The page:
Like the majority of highly successful start-ups, Cardinal started as a team and was the smarter for it. Management that was in place at the beginning would see Cardinal through all the needs of the start-up years. Of the seven cofounders, six are still active officers, and no new top managers from outside have yet had to be brought in to help the company shift from small to midsize.

Team management, though, has not been without its challenges. "It didn't relieve as much of the stress as I'd hoped," admits Krall. "For all the burden sharing that the partnering allows, there is an offsetting cost having to do with maintaining harmony and convergence of ideology and purpose. You have to spend more time arguing, disagreeing. Being a physicist, I see that it's hard to win: for every action there's an equal and opposite reaction. I'm not speaking against partners -- we've been successful, basically we've stuck together, and it's working -- but it was not free."

Few things are, and when it came to capital, Cardinal was also like many successful start-ups: healthy, but not extraordinarily so. The seven officers along with 13 other former RCA employees who joined on pooled about $800,000 of their own money to seed the launch. (From General Electric, which acquired RCA in 1986, they bought the intellectual rights to technologies under development in the New Products Division and the Display Systems Division, and factory equipment from a GE "Factory of the Future.") Again, like the majority of highly successful start-ups, the company has traded away equity for cash. Just 33% of the stock is still held by the cofounders; the rest was sold in pieces to raise a prodigious $25 million total from private investors. "Being the Pennsylvania Dutchmen we are, we were willing to give up some of our equity to maintain our balance sheet and not become as leveraged as many start-ups," says Krall. "We have a healthy apprehension about debt, and even today Cardinal has no significant long-term debt."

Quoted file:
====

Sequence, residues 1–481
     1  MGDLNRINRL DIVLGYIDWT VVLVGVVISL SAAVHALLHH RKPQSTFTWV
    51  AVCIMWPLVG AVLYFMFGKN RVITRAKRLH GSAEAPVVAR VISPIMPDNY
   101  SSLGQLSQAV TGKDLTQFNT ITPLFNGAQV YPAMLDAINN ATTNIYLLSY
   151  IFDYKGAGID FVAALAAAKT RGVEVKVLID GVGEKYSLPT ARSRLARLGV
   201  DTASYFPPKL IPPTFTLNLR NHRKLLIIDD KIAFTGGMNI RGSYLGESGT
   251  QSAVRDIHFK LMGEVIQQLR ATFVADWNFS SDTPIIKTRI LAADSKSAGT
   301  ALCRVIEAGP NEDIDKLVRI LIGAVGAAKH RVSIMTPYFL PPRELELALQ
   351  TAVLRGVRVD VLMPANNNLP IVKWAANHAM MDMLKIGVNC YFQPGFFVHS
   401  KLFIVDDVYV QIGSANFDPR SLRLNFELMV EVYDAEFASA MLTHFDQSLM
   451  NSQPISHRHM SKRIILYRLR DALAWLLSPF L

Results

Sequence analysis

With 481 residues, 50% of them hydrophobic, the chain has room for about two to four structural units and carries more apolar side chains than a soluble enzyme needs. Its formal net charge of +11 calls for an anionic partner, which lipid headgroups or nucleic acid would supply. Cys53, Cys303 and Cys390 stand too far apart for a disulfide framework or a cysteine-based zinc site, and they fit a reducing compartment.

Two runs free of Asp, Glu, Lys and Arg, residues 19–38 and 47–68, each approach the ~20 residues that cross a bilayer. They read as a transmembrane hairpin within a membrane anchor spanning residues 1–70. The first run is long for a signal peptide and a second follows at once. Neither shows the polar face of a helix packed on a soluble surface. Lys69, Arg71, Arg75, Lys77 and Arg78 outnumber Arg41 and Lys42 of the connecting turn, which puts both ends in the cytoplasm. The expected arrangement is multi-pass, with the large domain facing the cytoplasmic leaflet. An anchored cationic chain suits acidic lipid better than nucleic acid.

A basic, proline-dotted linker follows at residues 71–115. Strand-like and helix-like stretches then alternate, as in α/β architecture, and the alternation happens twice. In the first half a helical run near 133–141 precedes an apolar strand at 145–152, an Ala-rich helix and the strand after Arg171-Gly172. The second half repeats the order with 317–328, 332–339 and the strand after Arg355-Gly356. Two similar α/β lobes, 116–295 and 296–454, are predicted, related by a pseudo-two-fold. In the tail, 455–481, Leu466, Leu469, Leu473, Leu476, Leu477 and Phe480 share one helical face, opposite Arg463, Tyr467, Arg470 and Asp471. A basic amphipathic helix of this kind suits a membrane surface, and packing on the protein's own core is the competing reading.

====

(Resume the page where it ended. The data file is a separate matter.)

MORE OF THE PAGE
Of course, when the company opened its doors, it had no product, significant or otherwise. The engineering technologies it possessed at launch time still had to be crafted into salable items, and the company was toying with which to do first, its own line of goods or contract manufacturing for other companies. (It now does both.) Cardinal had the fortune, though, to be approached in its first year by a company that wanted a partner to help develop a few specific products. Even more fortunate for Cardinal, that company was Fuji.

Krall had dealt with some people at Fuji Photo Film USA in his RCA days, and one of them recommended Cardinal to another Fuji exec overseeing the development of digital photography and electronic imaging. "They were kind of shocked that GE and RCA broke up the way they did, and I think they saw us as still RCA but with a different name or something," says Krall.

Cardinal has gone on to develop alliances with other corporations including Prodigy, whose on-line service is bundled with some of Cardinal's modems. The two companies have forged a joint-marketing partnership, with Prodigy contributing marketing dollars to Cardinal's efforts. Cardinal, say those who have worked with it, is an aggressive partner, open to suggestion and faster than its peers at turning around everything from packaging to distribution.